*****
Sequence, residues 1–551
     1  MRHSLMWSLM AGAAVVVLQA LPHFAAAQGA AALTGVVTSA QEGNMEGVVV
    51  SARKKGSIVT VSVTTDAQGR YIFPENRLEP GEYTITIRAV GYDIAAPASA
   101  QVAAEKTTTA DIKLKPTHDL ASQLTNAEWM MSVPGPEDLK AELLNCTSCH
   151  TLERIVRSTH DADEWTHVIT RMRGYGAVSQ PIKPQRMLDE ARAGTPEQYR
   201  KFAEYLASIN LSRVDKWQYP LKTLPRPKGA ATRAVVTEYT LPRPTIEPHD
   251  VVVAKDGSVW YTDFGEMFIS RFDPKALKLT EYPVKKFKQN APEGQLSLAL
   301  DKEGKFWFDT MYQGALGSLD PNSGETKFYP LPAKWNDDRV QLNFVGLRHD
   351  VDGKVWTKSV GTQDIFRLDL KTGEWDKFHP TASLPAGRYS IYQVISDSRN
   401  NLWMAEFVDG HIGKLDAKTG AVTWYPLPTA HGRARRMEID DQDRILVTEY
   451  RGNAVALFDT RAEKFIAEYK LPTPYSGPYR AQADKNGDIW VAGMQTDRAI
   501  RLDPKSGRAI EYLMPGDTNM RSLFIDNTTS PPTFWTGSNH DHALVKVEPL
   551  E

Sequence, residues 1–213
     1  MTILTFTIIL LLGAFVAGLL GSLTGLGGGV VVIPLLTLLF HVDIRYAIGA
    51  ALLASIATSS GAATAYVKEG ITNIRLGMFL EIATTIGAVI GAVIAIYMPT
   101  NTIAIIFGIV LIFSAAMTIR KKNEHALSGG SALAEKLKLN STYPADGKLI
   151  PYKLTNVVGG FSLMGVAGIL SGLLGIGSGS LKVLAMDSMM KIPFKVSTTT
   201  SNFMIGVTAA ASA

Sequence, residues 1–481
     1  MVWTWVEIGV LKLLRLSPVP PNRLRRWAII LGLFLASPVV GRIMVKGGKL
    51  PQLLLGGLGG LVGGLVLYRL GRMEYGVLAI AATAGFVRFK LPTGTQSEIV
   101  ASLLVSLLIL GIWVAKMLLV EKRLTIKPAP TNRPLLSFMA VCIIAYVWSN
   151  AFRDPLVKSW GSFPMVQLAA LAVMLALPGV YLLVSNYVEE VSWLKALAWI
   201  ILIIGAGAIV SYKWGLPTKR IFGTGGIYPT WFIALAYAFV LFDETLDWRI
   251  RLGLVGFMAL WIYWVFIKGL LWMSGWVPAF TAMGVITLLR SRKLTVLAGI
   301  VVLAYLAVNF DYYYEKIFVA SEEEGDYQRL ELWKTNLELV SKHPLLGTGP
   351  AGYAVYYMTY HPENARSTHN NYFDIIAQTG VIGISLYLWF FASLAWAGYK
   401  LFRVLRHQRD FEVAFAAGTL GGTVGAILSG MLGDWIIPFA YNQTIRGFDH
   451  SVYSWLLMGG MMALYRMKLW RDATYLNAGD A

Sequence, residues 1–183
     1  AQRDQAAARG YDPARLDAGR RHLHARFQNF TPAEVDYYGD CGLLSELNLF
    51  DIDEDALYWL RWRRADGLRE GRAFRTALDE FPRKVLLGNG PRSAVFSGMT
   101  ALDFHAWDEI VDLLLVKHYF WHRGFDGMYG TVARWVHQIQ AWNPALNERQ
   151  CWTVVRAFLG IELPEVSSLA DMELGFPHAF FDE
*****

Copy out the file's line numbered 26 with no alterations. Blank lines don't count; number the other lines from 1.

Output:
   251  RLGLVGFMAL WIYWVFIKGL LWMSGWVPAF TAMGVITLLR SRKLTVLAGI